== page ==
Pan­thers stepped up to the chal­lenge

The Chatham Daily News - - SPORTS - MARK MALONE mmalone@post­

The McGre­gor Pan­thers wanted more than an­other OFSAA gold medal in the 2001-02 sea­son. They wanted a chal­lenge. Rather than go for a third straight ‘AA’ boys bas­ket­ball cham­pi­onship, the Pan­thers opted to jump up to the ‘AAAA’ level against the big­gest and best teams in the prov­ince.

Head coach Dan Lewis and as­sis­tant coach Dave Kent knew the Pan­thers were good enough to do it, said guard Alan Cat­trysse, and so did the play­ers.

“They brought it to our at­ten­tion,” Cat­trysse said, “and we said, ‘Yeah, why not? Let’s do this. Let’s chal­lenge our­selves. We’ve al­ready ac­com­plished ev­ery­thing we could at the ‘AA’ level.’”

The Pan­thers even­tu­ally placed fourth at the OFSAA cham­pi­onship, but they’re re­mem­bered as one of the finest bas­ket­ball teams Chatham has ever seen.

They’ll be in­ducted into the Chatham Sports Hall of Game on Thurs­day at the WISH Cen­tre.

“It was such a spe­cial group of play­ers,” swing­man Kevin Kloos­tra said. “You don’t re­al­ize it at the time. Now you think back and it’s, ‘Yeah, it was a great time.’”

The Pan­thers be­gan the three­year stretch by win­ning OFSAA gold in 2000, then did it again in 2001 in dom­i­nat­ing fash­ion.

They led 41-15 af­ter one quar­ter in the 2001 gold-medal game and won by 30 points over Kin­car­dine.

With four starters back the fol­low­ing year, they wanted a big­ger test.

“Ob­vi­ously we dom­i­nated the ‘AA’ scene,” Kloos­tra said. “We wanted to go against the best. We’d al­ways go against them in tour­na­ments ear­lier in the year and have suc­cess.”

The Pan­thers tested them­selves ev­ery year by en­ter­ing the most pres­ti­gious tour­na­ments in On­tario. They held their own against much big­ger schools, so no op­po­nents took No. 4-seeded McGre­gor lightly when the OFSAA cham­pi­onship rolled around.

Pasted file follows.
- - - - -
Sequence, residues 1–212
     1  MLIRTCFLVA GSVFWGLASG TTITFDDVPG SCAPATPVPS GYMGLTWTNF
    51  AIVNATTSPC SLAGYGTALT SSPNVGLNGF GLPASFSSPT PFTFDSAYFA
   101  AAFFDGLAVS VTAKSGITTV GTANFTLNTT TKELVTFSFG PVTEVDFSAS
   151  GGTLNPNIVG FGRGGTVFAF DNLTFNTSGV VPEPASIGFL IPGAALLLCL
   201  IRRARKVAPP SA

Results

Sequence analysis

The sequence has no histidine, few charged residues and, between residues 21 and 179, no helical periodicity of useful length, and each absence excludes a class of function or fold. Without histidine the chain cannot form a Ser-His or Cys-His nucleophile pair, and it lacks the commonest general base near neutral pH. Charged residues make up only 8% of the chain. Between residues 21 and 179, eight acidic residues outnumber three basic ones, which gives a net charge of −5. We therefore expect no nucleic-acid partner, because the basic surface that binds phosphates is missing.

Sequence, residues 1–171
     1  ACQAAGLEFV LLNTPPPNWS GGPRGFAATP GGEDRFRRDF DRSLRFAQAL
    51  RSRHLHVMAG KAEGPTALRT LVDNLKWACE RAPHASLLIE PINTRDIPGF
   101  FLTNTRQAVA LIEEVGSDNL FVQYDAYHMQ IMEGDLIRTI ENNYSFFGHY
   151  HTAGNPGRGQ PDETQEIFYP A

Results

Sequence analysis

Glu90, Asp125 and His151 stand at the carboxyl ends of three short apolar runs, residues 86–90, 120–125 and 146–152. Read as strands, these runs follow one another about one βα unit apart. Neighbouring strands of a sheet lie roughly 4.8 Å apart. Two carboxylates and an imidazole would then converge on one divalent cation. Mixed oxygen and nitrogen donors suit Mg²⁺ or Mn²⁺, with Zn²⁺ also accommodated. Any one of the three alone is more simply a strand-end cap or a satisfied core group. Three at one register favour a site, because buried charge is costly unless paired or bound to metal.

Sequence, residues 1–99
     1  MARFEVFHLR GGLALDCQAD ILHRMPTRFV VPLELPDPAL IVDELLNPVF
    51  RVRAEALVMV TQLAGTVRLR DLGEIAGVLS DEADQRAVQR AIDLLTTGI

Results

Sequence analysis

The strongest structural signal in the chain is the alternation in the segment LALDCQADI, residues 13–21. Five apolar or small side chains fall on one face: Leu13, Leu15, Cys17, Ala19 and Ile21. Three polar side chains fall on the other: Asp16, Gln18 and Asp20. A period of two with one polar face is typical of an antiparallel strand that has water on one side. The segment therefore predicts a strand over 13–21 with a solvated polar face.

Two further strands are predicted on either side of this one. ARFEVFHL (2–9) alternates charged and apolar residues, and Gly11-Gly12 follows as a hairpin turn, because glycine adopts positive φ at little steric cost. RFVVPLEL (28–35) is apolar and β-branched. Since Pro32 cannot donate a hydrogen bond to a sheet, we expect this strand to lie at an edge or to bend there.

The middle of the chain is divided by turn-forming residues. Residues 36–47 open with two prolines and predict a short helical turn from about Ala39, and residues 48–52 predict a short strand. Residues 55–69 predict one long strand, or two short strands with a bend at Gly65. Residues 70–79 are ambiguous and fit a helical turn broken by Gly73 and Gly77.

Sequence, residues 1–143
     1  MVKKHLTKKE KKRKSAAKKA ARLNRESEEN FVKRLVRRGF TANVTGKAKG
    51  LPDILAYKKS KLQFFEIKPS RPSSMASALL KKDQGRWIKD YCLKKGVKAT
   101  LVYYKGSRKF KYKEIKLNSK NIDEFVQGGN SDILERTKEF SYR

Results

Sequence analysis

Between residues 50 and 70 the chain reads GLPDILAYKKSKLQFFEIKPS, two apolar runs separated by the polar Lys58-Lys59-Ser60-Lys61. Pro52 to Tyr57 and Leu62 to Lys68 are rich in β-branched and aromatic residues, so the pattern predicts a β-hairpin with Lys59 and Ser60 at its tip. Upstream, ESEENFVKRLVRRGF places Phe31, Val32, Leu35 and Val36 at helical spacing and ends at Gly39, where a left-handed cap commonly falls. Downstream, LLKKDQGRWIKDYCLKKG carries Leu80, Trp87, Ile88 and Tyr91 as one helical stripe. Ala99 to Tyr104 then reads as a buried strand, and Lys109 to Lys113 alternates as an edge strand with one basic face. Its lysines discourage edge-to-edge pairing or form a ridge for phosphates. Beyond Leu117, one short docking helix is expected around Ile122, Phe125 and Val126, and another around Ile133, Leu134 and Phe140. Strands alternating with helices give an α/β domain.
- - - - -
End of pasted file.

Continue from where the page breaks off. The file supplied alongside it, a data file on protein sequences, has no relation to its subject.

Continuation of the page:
“We had a very, very tal­ented team,” Kloos­tra said. “We didn’t want to just stay in Chatham. We wanted to go over the prov­ince and make a name for our­selves. We weren’t afraid of no­body.”

Years be­fore the Bos­ton Celtics and Mi­ami Heat won NBA ti­tles by re­ly­ing on a Big Three, the Pan­thers had their own trio of su­per­stars: Kloos­tra, Cat­trysse and Andy Fan­tuz.

Kloos­tra would earn an NCAA Di­vi­sion I schol­ar­ship to Bing­ham­ton Univer­sity. Af­ter one year there and an­other at Wy­oming’s Casper Col­lege, he en­rolled at the Univer­sity of Windsor and helped the Lancers win an OUA cham­pi­onship.

Cat­trysse played for the Cana­dian ju­nior base­ball team and was a four-year starter on the Michi­gan State base­ball team.

Fan­tuz starred on the grid­iron, win­ning the Hec Crighton Tro­phy at Western be­fore play­ing 11 sea­sons in the CFL.

The Pan­thers had depth, too, with Kyle Rob­bins, Jeremy Derk­sen, P.J. Hamil­ton, Mike Bean, Ryan Mor­ri­son, Rob Shaw, Scott Cur­rie and Mark Oulds.

“We had some re­ally good role play­ers,” Cat­trysse said.

The Pan­thers fin­ished with a 50-8 record. They scored more than 90 points in 12 games.

Their 25-game win­ning streak ended with an OFSAA semi­fi­nal loss to East­ern Com­merce. That was fol­lowed by a 64-62 loss to Burling­ton Nel­son in the bronzemedal game.

“It still stings a lit­tle to this day,” Kloos­tra said with a laugh.


The 2001-02 McGre­gor Pan­thers placed fourth at the OFSAA ‘AAAA' boys bas­ket­ball cham­pi­onship. The Pan­thers were, front row, left: Mike Bean, Ryan Mor­ri­son, Kyle Rob­bins, Rob Shaw and Scott Cur­rie. Back row: coach Dave Kent, P.J. Hamil­ton, Jeremy Derk­sen, Mark Oulds, Andy Fan­tuz, Kevin Kloos­tra, Alan Cat­trysse, head coach Dan Lewis and man­ager Ron De­buss­chere.

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